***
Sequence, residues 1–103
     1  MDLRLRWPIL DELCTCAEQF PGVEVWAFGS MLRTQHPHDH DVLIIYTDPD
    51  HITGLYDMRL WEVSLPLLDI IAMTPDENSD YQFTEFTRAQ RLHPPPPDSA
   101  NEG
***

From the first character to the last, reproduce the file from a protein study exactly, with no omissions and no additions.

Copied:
Sequence, residues 1–103
     1  MDLRLRWPIL DELCTCAEQF PGVEVWAFGS MLRTQHPHDH DVLIIYTDPD
    51  HITGLYDMRL WEVSLPLLDI IAMTPDENSD YQFTEFTRAQ RLHPPPPDSA
   101  NEG